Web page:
Pineapple Guava - Acca (Feijoa) sellowiana
Common Names: English: pineapple-guava; German:Feijoa; Portuguese: goiaba-do-campo, goiabeira-serrana; Spanish: falso guayabo, guayaba brasilera, guayaba chilena; Swedish: feijoa 4
Synonyms: Feijoa sellowiana
gardening were an Olympic sport, pineapple guava might be a contender
for best all-around shrub. This attractive evergreen can be grown
throughout Florida and is a favorite for its attractive silvery
foliage, unusual flowers, and edible fruits.
Description: Feijoa sellowiana , or Pineapple Guava, is a gray-green evergreen shrub or tree (depending on pruning) which produces small, tasty fruit in late summer and early fall. The plants can be pruned to form a hedge or a small tree and will withstand several degrees below freezing. It is native to South America. The plant is not used nor is it commonly available in the eastern U.S. 3
Leaf: The evergreen, egg-shaped leaves are 2 to 3 inches long and have silvery, slightly fuzzy undersides that often give the entire plant a slight bluish cast. 1
Flowers: The flowers appear from April through May and are 1 to 2 inches across. The fleshy petals are white or a soft pink and the stamens are a striking burgundy. An extra perk is that the flowers are edible and can be added to salads and other dishes. 1
Fruit: The fruit, maturing in autumn, is green, ellipsoid, and about the size of a chicken egg. It has a sweet, aromatic flavor, which tastes like pineapple, apple and mint. The flesh is juicy and is divided into a clear, gelatinous seed pulp and a firmer, slightly granular, opaque
flesh nearer the skin. The fruit falls to the ground when ripe and at its fullest flavor, but it may be picked from the tree prior to falling to prevent bruising.
The fruit pulp resembles the closely related guava, having a gritty texture. The feijoa pulp is used in some natural cosmetic products as an exfoliant. Feijoa fruit has a distinctive, potent smell that resembles that of a fine perfume. The aroma is due to the ester methyl benzoate and related compounds that exist in the fruit. 2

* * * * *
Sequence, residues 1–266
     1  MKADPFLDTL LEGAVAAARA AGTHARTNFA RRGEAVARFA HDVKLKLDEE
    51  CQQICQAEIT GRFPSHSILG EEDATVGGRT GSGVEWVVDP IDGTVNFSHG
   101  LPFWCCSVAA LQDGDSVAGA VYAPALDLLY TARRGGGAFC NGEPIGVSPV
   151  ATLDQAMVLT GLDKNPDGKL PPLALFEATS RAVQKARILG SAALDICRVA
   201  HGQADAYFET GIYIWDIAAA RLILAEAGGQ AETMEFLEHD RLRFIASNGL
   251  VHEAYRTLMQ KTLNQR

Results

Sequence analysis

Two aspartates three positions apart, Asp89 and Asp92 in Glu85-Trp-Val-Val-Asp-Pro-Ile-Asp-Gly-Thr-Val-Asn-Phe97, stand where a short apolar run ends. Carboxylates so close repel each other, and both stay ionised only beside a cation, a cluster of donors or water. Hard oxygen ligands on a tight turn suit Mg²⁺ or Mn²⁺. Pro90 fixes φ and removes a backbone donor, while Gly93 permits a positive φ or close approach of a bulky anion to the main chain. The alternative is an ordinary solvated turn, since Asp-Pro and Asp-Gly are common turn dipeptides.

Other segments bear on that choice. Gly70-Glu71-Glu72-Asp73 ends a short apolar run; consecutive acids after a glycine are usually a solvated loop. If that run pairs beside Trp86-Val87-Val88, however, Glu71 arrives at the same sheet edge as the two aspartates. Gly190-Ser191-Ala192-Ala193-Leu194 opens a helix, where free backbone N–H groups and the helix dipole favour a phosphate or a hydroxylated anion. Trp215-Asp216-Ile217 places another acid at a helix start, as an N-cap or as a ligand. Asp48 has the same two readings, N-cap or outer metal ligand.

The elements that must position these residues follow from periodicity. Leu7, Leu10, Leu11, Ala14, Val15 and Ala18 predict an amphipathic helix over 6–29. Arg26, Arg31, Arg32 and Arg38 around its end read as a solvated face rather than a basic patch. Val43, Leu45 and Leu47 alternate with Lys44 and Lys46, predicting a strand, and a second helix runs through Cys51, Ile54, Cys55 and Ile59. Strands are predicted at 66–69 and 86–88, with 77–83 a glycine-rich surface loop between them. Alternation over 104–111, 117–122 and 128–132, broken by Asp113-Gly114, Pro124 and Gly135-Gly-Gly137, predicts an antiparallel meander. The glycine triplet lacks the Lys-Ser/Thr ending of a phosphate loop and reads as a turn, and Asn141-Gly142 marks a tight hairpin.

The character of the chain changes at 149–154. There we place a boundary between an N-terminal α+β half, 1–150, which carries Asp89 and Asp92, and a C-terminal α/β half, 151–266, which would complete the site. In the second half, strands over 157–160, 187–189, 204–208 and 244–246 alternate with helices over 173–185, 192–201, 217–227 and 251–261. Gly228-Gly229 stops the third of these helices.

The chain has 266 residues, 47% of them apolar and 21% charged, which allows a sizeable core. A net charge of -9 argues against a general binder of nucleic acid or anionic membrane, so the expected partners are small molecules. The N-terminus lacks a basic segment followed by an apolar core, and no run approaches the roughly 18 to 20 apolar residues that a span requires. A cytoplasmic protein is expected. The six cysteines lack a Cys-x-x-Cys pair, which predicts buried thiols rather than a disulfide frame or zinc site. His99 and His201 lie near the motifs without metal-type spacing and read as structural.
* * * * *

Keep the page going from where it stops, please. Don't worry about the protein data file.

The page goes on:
Fruits ripen in 5-7 months. Between August and October, the egg-shaped fruits begin to mature and ripen, starting out gray-green and then turning a reddish-brown. They fall off the plant when they’re ready to eat, though they can be picked earlier and left to ripen on a kitchen counter. The fruit emits a strong long-lasting perfume, even before it is fully ripe. The thick, white, granular, watery flesh and the translucent central pulp enclosing the seeds are sweet or sub-acid, suggesting a combination of pineapple and guava or pineapple and strawberry, often with overtones of winter green or spearmint. Eat them fresh by cutting them in half and scooping out the pulp, or turn them into a delicious jelly. 1
To be appreciated, this fruit must be eaten at the proper degree of ripeness. M. Viviand-Morel says, "Everyone knows that the finest pears are only turnips if eaten a trifle too soon or a trifle too late." The observation is applicable also to the feijoa. 5
It can be trained as a tree, a hedge or an espalier. The silver green foliage makes it a great scrub, small tree or topiary. It can be used as a focal point in the landscape or as a privacy screen.
Culture: Although pineapple guavas are moderately drought tolerant, they need regular watering to produce high-quality fruit. Depending on your climate and soil type, give established trees a deep soaking every week or two during summer. Water young trees oftener and make sure you soak the rootball thoroughly. Fertilize trees once or twice during the growing season.